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Dawn of a new epoch

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Dawn of a new epoch


- Balaji Narasimhan



HP's molecular computing initiatives could create computers that are tremendously powerful. What can we do with them?


The IT industry is known for its blazing speed, but it is also salutary for us to pause once in a while and realize that the foundations are pretty ancient. The cornerstone of modern computing rests on electronics, and the base of this is the transistor, which was invented by Dr. John Bardeen, Dr. Walter Brattain, and Dr. William Shockley in 1947, when India gained independence. So monumental was their achievement that they got the Nobel Prize in physics in 1956.


Since then, the transistor has remained the mainstay of modern computing. Sure, they have improved, shrunk, and become more powerful, but the fundamental design has not changed.





Until now, that is.


HP has come up with an innovative new way of doing things. Its Quantum Science Research (QSR) Group has come up with an entity called the "crossbar latch," which can do what in tech jargon is called a NOT operation.


Big deal, you say? Well, again, going back to the basics, AND, OR, and NOT are the three building blocks of computing logic. Just as builders architect marvels using humble bricks, similarly, computer scientists can put together advanced computers with devices that can


manipulate these basic functions.


HP now needs to find out how to put all the pieces together in a functional, economical, and reliable package, but these are nitty-gritty issues that can be resolved. Once it is done, we would have reached the fourth foundation of electronic devices. Just as vacuum tubes replaced electromagnetic relays, and were replaced by transistors, HP's new invention will one day replace transistors.


And the invention has not come a day too soon. Today, we have reached the limits of what transistors can do, and researchers fear that, in another decade, they could reach the edge, and not be able to deliver increased performance. However, now, we may not have reason to fear, because the new invention will revolutionize computing, and enable the creation of computers that are immensely powerful when compared to today's machines.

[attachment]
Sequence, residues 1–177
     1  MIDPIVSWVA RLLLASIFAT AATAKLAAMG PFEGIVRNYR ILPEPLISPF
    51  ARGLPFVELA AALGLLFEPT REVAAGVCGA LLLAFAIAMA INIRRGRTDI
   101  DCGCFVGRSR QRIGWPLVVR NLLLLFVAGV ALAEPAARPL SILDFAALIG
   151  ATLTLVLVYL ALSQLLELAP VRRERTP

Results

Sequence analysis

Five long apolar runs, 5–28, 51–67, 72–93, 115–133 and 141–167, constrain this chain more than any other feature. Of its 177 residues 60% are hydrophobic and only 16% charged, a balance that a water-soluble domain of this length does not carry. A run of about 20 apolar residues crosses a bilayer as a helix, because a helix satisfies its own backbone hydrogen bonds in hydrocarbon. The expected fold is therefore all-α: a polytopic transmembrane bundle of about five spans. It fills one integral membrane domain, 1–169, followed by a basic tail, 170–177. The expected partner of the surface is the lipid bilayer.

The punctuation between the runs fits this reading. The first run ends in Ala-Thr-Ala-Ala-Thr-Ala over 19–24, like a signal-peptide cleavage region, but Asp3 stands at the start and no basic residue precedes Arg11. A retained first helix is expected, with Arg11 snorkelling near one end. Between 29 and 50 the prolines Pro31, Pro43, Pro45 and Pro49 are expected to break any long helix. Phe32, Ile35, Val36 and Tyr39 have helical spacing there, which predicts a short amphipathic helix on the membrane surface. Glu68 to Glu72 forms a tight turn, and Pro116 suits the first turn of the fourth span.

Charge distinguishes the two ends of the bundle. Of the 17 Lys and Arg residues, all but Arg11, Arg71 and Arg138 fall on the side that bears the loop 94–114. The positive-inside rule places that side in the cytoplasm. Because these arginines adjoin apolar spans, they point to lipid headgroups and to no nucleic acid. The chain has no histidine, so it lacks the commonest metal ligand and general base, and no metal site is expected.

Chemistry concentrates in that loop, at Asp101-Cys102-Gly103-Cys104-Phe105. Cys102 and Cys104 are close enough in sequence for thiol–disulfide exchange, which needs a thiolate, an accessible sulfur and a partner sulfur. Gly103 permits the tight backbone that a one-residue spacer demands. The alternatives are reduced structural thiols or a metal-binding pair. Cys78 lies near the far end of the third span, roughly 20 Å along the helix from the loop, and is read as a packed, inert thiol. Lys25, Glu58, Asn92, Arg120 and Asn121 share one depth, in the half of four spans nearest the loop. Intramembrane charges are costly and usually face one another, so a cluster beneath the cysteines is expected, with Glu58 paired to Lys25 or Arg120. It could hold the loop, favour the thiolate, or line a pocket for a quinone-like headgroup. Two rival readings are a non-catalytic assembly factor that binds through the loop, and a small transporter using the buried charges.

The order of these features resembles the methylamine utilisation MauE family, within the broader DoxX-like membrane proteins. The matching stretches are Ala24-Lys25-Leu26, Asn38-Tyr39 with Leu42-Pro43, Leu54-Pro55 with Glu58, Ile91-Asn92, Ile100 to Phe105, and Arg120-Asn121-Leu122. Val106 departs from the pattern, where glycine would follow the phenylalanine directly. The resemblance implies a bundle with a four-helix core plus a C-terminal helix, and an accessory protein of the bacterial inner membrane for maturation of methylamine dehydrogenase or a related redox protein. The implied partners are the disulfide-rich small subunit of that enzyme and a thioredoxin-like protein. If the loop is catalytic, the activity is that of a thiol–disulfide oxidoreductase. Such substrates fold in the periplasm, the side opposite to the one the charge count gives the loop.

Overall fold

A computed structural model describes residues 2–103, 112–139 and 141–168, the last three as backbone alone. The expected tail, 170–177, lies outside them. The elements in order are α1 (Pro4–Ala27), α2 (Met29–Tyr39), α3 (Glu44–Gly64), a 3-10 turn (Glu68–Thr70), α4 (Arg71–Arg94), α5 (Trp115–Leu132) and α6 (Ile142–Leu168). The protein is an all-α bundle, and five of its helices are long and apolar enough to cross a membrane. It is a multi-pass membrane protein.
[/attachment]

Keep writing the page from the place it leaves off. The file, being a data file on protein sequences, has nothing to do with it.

Of course, we laymen can allow the scientific geniuses to worry about the details. Instead, let us think - what are the possible uses for such computers? Here is a small list:


• Animation: This is one area that simply guzzles computing power. To create some of the advanced animation in today's cutting-edge movies, graphic experts use a computer "farm" that consists of hundreds of advanced graphic workstations. However, the QSR's invention may create a single computer that is powerful enough to handle all these complex calculations.

• Weather forecasting: This is another field that demands more computing power than is available today. We could possibly model the climate way back from the Ice age to 2,000 years into the future, and see how things like global warming will affect the climate.

• Safety: Even the cars of today contain computers, which do rudimentary things. Perhaps, with such an invention, tomorrow's cars could be fully accident-proof, and designed to stop well before anything threatens the occupants. Maybe, nobody will ever die in an accident ever after!

• Prediction: Let's face it, the Dec 26 2004 tsunami proved that we are still far away from predicting earthquakes with accuracy. Maybe, the added computing power could make this much simpler to predict. Just imagine, one day, we could know about an earthquake months before it hits us!

• Space technologies: Do extra terrestrials exist? SETI (Search for Extraterrestrial Intelligence) has been researching this for a while, using the combined processing power of thousands of computers. If each computer was a thousand times more powerful, what could we do? We may end up chatting with the Spidgots of Planet Zonzula in the Fanewjroi dimension sooner than you think!

• Genomics: We are getting closer and closer, but the end is still far. Advanced computing could make this a lot easier, and help us to give unique, tailor-made solutions for each patient based on his genetic requirements, and perhaps find a cure for incurable diseases.

• Intelligent computing: Most of today's attempts have not been very commendable, but throw more power, and you could be surprised by what you can do.


Of course, the above list is merely indicative, and when the technology goes live, we could have solutions that make the above list seem old-fashioned. But, be it as it may, HP's creation is really outstanding, and one of the few inventions that can change the world.

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